The shortest day of the year!


On December 21 at 10:44 UTC ( 3:44 a.m. EST),  we experience the shortest period of daylight of the year, which we call Winter Solstice.  That means that the northern hemisphere of the earth is more tilted (23 degrees) away from the sun than any other time of the year.  Many people believe that the earth is farther away from the sun on December 21st, but this is not true.  The distance from the sun is not related to the seasons, since the distance changes over millions of years of time  At this particular moment in time, the sun is closer during the winter in the northern hemisphere.  If you were living in Australia, the sun would also be closer at this time, but the tilt of the earth in the Southern Hemisphere makes it summer there now.

Although Christians celebrate December 25 as the birthday of Jesus Christ, few claim any knowledge of the exact day he was born.  So maybe I have come up with the reason we celebrate Christmas close to the longest, coldest, most depressing night of the year: to help us through the long cold winter! Just think, what is Christmas?  This is the time when the days are short and the wind is cold, so why not brighten up the world with Christmas lights and joy?  What a great idea!  Since people are depressed about the weather and lack of daylight, they may be more prone to buy lots of gifts in an attempt to improve their mood.  This will also help the economy by employing lots of people, as shoppers try to cure their Seasonal Affective Disorder (SAD) by spending money.

Throw into this mix the celebration of the New Year seven days later and you have a long length of time to celebrate in all kinds of ways.  We surround ourselves with lots of Christmas lights and seasonal joy to help us through this deary time of the year.

So I, in the wake of all this depressing stuff, along with a short earth science lesson,  would like to wish everybody a merry Christmas and a happy new year!  Oh, yeah, the most important thing is that the days are getting longer now!

My Christmas story

A Christmas story told again and again and….


This is one of my favorite stories and it helps me remember what Christmas is really about. If you read it last year or the year before, read it again and if you are new to my blog, I hope you enjoy this touching story. Merry Christmas and Happy New Year! You can find Naotaka Maehara on Facebook. Maybe someday parents will sit around the fire and read this to there children…or maybe not…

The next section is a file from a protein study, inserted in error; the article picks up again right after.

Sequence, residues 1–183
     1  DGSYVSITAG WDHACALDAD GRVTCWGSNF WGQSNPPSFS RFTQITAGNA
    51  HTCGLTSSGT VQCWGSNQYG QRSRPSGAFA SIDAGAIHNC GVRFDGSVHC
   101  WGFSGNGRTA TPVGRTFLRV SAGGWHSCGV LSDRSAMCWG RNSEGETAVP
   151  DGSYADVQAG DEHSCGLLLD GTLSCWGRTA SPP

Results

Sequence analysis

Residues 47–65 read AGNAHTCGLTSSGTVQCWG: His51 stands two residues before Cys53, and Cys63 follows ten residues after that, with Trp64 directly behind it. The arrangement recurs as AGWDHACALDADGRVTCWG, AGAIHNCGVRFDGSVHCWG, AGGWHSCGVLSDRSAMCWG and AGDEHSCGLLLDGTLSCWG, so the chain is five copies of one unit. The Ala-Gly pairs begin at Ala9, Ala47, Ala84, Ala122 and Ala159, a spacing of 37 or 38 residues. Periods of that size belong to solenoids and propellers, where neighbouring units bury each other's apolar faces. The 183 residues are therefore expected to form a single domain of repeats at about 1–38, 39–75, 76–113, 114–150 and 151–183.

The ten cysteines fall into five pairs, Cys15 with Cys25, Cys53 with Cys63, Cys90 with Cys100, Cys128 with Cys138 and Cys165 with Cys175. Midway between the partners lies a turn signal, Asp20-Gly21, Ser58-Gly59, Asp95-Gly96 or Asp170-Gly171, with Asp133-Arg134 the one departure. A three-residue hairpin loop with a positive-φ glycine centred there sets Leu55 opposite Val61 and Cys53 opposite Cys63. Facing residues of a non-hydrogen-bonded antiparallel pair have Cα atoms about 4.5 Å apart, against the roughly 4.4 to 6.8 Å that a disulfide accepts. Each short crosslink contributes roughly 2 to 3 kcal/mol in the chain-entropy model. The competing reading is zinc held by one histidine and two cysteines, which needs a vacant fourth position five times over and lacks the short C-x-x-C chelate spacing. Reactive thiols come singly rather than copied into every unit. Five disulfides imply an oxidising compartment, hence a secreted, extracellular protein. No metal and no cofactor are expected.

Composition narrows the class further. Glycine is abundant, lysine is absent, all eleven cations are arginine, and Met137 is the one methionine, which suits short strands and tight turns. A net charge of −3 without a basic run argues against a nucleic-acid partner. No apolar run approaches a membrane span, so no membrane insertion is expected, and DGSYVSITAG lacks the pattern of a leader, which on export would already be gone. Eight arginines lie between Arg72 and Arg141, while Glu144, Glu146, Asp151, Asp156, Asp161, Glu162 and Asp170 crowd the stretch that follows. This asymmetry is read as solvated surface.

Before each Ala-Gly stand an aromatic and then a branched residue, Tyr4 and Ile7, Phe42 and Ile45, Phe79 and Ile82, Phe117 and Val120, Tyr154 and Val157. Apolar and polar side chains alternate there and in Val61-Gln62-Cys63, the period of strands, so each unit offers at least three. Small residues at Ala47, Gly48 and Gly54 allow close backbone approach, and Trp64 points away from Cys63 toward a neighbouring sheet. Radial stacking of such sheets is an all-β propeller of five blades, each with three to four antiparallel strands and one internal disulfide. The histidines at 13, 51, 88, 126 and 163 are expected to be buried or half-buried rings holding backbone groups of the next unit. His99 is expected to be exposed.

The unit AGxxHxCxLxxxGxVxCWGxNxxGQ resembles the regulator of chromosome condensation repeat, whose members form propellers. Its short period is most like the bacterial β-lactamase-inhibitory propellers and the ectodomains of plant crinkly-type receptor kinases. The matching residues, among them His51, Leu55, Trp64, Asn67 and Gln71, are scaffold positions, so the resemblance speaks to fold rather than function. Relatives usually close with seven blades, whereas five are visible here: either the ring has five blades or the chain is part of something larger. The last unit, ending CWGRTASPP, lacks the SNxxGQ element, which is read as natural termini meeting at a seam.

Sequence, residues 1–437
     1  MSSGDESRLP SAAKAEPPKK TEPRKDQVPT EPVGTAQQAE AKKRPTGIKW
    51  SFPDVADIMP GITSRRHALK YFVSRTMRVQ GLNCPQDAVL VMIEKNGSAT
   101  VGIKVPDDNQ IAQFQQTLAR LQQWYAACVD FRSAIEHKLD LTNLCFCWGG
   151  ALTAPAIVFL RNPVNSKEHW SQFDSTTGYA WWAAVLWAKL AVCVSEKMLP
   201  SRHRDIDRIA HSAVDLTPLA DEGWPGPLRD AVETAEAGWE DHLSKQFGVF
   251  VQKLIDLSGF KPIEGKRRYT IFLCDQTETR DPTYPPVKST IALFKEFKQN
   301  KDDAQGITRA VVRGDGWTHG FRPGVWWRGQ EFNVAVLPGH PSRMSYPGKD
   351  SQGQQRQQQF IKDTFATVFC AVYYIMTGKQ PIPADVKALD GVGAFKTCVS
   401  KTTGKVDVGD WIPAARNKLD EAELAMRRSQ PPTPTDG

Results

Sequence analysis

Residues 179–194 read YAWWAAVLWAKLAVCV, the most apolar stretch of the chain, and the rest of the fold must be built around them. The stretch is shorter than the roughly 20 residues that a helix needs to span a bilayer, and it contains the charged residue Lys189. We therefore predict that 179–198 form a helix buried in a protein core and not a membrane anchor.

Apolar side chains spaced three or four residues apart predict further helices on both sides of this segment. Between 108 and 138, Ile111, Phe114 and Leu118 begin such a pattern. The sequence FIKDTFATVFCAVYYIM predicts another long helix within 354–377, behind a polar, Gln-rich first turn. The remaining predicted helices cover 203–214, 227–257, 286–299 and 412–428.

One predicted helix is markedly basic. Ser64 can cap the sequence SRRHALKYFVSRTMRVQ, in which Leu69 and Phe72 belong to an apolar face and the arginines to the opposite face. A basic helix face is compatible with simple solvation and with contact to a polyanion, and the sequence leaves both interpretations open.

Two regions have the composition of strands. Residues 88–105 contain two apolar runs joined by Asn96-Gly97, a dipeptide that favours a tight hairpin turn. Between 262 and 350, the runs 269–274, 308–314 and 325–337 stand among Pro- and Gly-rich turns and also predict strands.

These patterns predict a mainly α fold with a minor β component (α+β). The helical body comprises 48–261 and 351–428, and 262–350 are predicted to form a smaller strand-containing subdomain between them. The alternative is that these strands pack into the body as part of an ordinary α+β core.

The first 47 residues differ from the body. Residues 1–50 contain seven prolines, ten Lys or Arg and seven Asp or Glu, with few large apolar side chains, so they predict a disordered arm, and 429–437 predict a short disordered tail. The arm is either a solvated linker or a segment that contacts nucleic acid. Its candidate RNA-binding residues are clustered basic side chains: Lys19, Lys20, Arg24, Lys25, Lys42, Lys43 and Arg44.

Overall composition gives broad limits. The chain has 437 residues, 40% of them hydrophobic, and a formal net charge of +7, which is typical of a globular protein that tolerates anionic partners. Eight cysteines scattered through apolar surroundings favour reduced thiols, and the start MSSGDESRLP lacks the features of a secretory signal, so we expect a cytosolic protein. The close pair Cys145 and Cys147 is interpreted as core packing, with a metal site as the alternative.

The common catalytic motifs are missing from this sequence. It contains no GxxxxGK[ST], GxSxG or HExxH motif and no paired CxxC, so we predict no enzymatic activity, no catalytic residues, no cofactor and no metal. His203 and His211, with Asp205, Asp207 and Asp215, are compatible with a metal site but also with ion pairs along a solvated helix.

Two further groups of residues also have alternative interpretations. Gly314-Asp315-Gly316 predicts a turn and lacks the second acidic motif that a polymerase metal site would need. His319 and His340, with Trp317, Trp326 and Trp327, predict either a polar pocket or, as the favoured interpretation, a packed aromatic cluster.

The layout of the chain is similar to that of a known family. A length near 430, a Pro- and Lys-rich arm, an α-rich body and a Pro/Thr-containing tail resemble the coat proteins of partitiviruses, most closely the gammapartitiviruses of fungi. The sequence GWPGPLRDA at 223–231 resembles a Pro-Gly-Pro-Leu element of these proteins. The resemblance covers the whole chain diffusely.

Naotaka Maehara arriving in Augusta

The other day my friend Steve Bailes called me up to ask if I would be interested in housing a young man from Japan for the evening. He is riding his bike across America, having left from Vancouver 70 days ago. He was coming from Clarksburg and would arrive on Saturday if things worked out. I agreed, and contacted Nao (pronounced NOW which is short for Naotaka Maehara) by email to invited him to stay with us for the evening. He replied that he would like to stay with us Saturday evening. The next two days were interesting as I stayed in contact as much as possible via e-mail. If you remember, this past Wednesday and Thursday we experienced our first major snow fall of the season so Nao was right in the middle of it with the continental divide directly in front of him. To make a long, involved story shorter, he made it across the mountains to our home by 4pm on Saturday. I quickly suggested he take a bath to get warm. He agreed and headed for the bathroom. About an hour later he emerged, hungry, relaxed and anxious to get to know us. Steve had asked if he could come over and meet Nao so I suggested that we do dinner ; at about 6pm Steve and Terry arrived. It was one of those magical evenings that happen so rarely. We talked, exchanged stories and ate until we were ready to pop. Nao turned out to be charming, pleasant and a very gracious guest. I will remember the evening for a long time. With my fading memory that could be months from now. After dinner, us guys went down stairs to give Nao’s bike some tender loving care, which it needed badly. We reattached the front racks, cleaned and oiled the chain, pumped up the tires, and gave it a quick inspection. Later Nao and I went upstairs to spend almost two hours planning his route to New York City. He was ready for his journey to continue in the morning. After I went to bed, Sue stayed up until midnight talking with Nao about who knows what.

Resting after dinner

Relaxing after dinner

The morning came; Nao had several bowls of cereal and began to ready himself and his bike for his journey to New York City where he was scheduled to arrive on December 23. We created a Skype connection so that he could contact us with his computer, if needed. Shortly thereafter, Nao headed down the driveway.

After Nao had left, we found a note in his bedroom. In the note was a twenty-dollar bill. At first I considered getting in the car and catching him to give back the money but after reading the note I decided not to. This is written in Nao’s own words. He has only been learning English for three years. I’m impressed!

“I met woman in that time. (this is before he met us) She listened my serious talking and gave this $20 to me. She gave money and I received money. And also I received her kindness. She said, “I can’t help you now, but use this money and stay in hotel.

I want you guys (me) receive this $20. I mean it is not a staying fee, it means a woman’s kindness.”

I will keep this twenty and pass it forward when the time comes. Experiences like this one only intensify my belief that life is about the people you meet and the memories you take from those meeting. My only hope is that someday I will get to see Nao again!